Tuesday, December 20, 2011

Washing a Baby Quilt/Batting Choices

Baby quilts are a wonderful gift to give and provide a great opportunity to practice beginning quilting skills or try a new free-form design. Choose a design that is simple and even so the quilting density remains consistent. The quilt pictured below features an edge-to-edge clamshell design.

These small quilts take a lot of wear and tear, so an even amount of quilting is really necessary for keeping the quilt held together as long as possible. Skimping on the quilting because it's "only a baby quilt" will result in a short life for the quilt. Large, open areas need to be quilted evenly so they don't get distorted and worn over time.

Minimal quilting and regular washing cause baby quilts to wear out in the first year. Rather than tossing a quilt in a regular wash cycle, try soaking out stains.  A short time spent soaking is better than the agitation of the washing machine. Use a eco-friendly washing product for all your quilts. I like Orvus Paste and Ivory hand dish liquid. Detergents contain phosphates which are harsh and will strip the colors from quilts over time.

I usually let the washing machine fill with lukewarm water and the recommended soap. Let the quilt soak in this solution for about 20 mins.; spin out, rinse and spin again. A little agitation is OK but don't let the entire cycle run if you can manipulate this on your machine. My washer is 20 years old and I can control the dials but newer models might not allow changes in the cycle because they "lock in".

Another option is to use a clean dishpan, tub or sink for the soaking and rinsing. Use a large bath towel to roll the quilt and squeeze out moisture. Lay flat on a dry towel to air dry the quilt. Choosing a gentle washing/drying method will keep fabric intact longer. When giving a quilt as a gift, a little written note on how to care for the quilt and a small bottle of washing soap will be appreciated by the quilt owner!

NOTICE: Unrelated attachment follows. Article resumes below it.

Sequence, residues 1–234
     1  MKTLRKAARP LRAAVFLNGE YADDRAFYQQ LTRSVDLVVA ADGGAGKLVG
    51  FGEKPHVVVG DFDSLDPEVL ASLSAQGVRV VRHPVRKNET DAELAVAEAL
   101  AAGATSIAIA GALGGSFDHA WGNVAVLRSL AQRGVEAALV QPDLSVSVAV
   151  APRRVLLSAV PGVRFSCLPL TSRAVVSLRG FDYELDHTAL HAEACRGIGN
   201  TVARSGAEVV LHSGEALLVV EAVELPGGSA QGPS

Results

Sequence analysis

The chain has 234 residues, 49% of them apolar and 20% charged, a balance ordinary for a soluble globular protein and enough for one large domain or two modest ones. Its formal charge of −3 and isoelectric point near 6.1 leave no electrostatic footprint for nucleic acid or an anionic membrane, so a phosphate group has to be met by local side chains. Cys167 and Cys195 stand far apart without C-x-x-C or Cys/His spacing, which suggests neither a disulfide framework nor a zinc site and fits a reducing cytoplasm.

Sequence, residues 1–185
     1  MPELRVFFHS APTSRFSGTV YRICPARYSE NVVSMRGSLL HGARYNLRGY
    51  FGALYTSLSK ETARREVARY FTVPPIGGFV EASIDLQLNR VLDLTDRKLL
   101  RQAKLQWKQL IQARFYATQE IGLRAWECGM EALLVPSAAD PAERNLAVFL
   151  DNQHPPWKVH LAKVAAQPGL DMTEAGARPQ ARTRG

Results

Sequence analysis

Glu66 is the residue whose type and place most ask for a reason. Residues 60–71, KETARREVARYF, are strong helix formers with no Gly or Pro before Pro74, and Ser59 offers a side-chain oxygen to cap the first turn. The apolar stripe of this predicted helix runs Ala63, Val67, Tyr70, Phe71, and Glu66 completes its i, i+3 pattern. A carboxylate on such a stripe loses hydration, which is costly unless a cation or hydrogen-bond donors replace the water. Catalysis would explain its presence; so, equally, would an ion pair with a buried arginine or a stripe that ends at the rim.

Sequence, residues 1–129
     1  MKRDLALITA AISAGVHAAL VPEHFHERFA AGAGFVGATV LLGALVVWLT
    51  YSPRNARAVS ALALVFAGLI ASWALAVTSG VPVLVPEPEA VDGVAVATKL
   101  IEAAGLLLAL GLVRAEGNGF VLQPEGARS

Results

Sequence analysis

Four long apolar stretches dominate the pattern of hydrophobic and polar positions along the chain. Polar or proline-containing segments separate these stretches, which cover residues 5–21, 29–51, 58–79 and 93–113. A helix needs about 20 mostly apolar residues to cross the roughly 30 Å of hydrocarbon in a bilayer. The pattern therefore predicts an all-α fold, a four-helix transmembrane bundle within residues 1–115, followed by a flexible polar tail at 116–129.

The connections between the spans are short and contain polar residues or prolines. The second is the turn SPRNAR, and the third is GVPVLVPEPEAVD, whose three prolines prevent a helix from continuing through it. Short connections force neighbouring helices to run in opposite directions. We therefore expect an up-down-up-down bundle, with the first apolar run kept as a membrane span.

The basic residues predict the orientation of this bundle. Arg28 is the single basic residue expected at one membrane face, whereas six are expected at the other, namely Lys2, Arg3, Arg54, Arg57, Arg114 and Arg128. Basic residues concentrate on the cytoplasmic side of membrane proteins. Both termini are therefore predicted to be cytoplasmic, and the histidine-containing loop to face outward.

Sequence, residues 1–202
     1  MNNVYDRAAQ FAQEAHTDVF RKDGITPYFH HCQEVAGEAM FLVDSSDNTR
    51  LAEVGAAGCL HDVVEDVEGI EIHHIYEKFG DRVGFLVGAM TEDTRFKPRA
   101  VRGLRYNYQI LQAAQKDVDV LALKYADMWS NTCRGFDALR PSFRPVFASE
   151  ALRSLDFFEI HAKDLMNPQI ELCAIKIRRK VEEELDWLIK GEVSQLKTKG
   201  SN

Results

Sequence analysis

Use a breathable, natural fiber batting such as Hobbs Heirloom 80/20 (cotton/poly blend) or Hobbs Wool. Avoid battings that recommend quilting 8-10" apart, such as Warm and Natural. Save these products for wall hangings or tablerunners. Also, 100% polyester battings don't breathe like a cotton batting. This means they insulate well but can be too warm for swaddling. Stick with natural fibers--cotton, wool, silk, with a bit of polyester mixed in for durability--and you will have a batting that can be quilted heavily and still maintain the drapability of a cozy quilt.

Copyright©2011, Sharon Baggs

Friday, December 16, 2011

Diana's baby quilt

This baby quilt was designed by my friend, Diana. She asked me to quilt and bind it for her. She has a great eye for colors and how to put things together. I think this is a fabulous design to highlight a fun print in the 4" center squares, framed by green and yellow sashing and red cornerstones that pop!

I spent a little bit of time pondering how to quilt this because of the different pieces. I considered an all-over grid, but the diagonal measurements from cornerstone to cornerstone don't fit a 1" pattern, which I like to have on this size quilt; however, each square is 4" and that makes for an easy grid line to follow. I started by quilting-in-the-ditch next to the sashing. Then I chalked lines 1" apart and quilted continuously up and down vertically through the length of the quilt, traveling in the ditch to get to the next line.

I finished the border with a 1" diagonal line, changing direction at the corners. Then I added the red binding. It's OK to bind a quilt before all the inside quilting is complete. As long as the border is completely quilted, the binding can be sewn on. Sometimes I add more quilting. In this case, I only quilted the ditch of the inner border. I could have cross-hatched a grid in the 4" squares, but I decided to leave it with only the vertical lines 1" apart. All the seam lines were stitched-in-the-ditch, giving this quilt enough stability to withstand the tugging and washing that comes with using a baby quilt.

Next, I'll give some tips on care/washing and choosing a batting for baby quilts.

Copyright©2011, Sharon Baggs